School of Drama mounts Suzan-Lori Park’s Venus

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Venus Drama Poster

TWO WEEKENDS ONLY: October 24-26 & October 31-November 2. Fridays & Saturdays at 7:30 p.m. and Sundays at 6:00 p.m.

ADMISSIONS: Adults – $1000 / Students – $400 (with I.D.)

VENUE: Dennis Scott Studio Theatre, 1 Arthur Wint Drive, Kingston 5

BOOKINGS: Call School of Drama Box Office at (876) 968-0028

 

Synopsis:

Using a side-show carnival motif, Susan-Lori Park’s takes us on a satirical journey of ‘The Venus Hottentot’. Parks’ Venus is the story of Sarah Saartjie Baartman, a young woman of Khoisan heritage who in 1810, is taken from her South African homeland to be showcased as an oddity and curiosity in London and later Paris, under the appellation, ‘Hottentot Venus’. Parks juxtaposes Baartman’s sensuality, sexuality and femininity with her objectification, fetishization and exoticization. Parks’ unique dialogue creates moments that will leave you laughing, cringing, troubled and in true Brechtian style, thrust you into the jarringly strange. 

We see Baartman eventually emerge in all her show-ready glory. What her dress reveals are the burdens of history embodied by one woman. This is not merely the story of a woman with a large posterior, this is the story of a woman who is abducted (though seemingly complicit) from her homeland and is completely ‘othered’ in Europe where she is abused, treated like an animal and after five brutal years dies, unmourned. She dies after a miserable and poor existence in 1815 at the tender age of 25. Even in death her body does not belong to her as  she is dissected by Dr. Georges Cuvier and her skeleton is later exhibited in the Musee de l’Homme in Paris.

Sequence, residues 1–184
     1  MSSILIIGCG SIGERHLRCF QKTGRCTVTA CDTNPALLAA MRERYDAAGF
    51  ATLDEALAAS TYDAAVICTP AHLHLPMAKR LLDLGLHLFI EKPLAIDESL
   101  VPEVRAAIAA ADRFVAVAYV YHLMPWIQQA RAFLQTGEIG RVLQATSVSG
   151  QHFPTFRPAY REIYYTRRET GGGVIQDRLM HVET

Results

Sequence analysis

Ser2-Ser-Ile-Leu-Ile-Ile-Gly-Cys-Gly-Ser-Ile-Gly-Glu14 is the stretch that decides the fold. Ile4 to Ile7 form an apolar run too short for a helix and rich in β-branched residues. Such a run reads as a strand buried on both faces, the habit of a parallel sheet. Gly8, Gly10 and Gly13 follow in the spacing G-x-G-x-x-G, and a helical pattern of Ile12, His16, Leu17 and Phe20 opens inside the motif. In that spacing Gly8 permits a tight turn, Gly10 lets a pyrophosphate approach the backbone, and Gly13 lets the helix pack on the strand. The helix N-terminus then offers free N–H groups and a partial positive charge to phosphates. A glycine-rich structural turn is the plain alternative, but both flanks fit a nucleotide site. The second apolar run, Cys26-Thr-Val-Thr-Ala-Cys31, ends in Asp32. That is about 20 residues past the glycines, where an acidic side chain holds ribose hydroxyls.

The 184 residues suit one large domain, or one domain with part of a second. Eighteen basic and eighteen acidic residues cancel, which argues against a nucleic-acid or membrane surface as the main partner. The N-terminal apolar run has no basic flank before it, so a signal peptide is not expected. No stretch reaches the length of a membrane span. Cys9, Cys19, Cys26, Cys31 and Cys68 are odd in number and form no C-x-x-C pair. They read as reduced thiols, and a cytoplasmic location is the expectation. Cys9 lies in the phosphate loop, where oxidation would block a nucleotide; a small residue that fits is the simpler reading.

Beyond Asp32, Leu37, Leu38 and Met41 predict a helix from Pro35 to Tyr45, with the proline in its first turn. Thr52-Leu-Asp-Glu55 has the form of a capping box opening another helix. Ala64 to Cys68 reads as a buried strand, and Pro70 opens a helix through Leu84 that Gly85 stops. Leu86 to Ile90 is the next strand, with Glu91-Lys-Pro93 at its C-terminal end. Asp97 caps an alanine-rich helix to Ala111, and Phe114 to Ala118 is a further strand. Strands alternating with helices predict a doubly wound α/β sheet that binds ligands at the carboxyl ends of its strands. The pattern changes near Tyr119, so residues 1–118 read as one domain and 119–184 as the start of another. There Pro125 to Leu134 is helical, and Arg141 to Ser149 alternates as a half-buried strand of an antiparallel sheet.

Some hundred years later, her remains were eventually returned to South Africa in 2002 and her grave in Hankey in the Eastern Cape has since become an official heritage site. Giving Saartjie something she was never afforded in her short life…dignity.

The Edna Manley College of the Visual and Performing Arts has been through several stages in its evolution. The four Schools—Drama, Music, Dance, and Visual Arts—started out at different locations in Kingston. Two of the Schools, namely the School of Art and the School of Music, are historic because of their establishment in 1951 and 1961 respectively, before the island gained its independence from Britain in 1962.

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